Re: Auditory objects (Stephen McAdams )

Subject: Re: Auditory objects
From:    Stephen McAdams  <Steve.McAdams(at)IRCAM.FR>
Date:    Tue, 16 Apr 1996 10:39:38 +0200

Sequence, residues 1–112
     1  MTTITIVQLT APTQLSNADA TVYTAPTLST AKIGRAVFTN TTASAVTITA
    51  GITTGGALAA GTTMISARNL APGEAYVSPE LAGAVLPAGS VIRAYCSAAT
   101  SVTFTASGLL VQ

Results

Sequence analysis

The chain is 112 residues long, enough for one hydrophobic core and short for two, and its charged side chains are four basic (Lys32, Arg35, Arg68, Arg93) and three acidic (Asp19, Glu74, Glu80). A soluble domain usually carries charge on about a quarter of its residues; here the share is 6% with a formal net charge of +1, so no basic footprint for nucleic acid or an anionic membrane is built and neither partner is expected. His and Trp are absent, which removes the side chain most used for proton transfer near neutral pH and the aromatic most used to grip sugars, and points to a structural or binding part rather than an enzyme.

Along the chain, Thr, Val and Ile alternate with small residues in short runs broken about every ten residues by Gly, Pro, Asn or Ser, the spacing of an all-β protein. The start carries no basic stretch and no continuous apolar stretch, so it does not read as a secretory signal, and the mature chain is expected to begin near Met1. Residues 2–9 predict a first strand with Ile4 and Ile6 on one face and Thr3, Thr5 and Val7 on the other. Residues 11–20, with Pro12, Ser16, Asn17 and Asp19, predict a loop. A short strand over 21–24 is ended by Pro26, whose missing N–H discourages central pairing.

bert(at)EPX.CIS.UMN.EDU wrote: > > I am making a demo for my Hearing Science course on > auditory object perception. I would like to create a > demo that I heard S. McAdams present during his talk at > berkeley a few years ago, but I don't know the details > of the signals. > This demo was created by Roger Reynolds and Thierry Lancino at IRCAM on the basis of work I was doing on FM in the early 80s. It was taken from a piece called Archipelago by Reynolds. It was created in the following way: Take an oboe sound. Analyze it with a phase vocoder technique which gives as output the functions of amplitude and frequency change over time for each harmonic. Then resynthesize the sound with additive synthesis, applying modifications to these functions. The modifications applied by Reynolds was first of all to stretch the 2 sec original sound out to about 30 seconds, by simply reading through the amp and freq control functions more slowly (note that with additive synthesis this will not affect the original pitch though one needs to take care in the region of the attack). Even and odd harmonics were sent to separate channels so that they could be individually spatialized (in my demo version they simply come from separate speakers). Then after the beginning of the sound during which the oboe percept is heard slowly increase the modulation width of a frequency modulation applied to odd partials, fade this modulation down and then do the same to the even partials, then fade back in the modulation on the odd partials but at a different modulation rate than that applied to the even set. The odd and even partials segregate into separate auditory images. The odd partials give the original pitch and a hollow, clarinet-like timbre. The even partials give a pitch an octave higher (surprise!) and due to the formant-like spectrum of the oboe a soprano-like timbre. Curiously this sopranoness depends on the presence of the vibrato. Voila, amusez-vous bien! Steve

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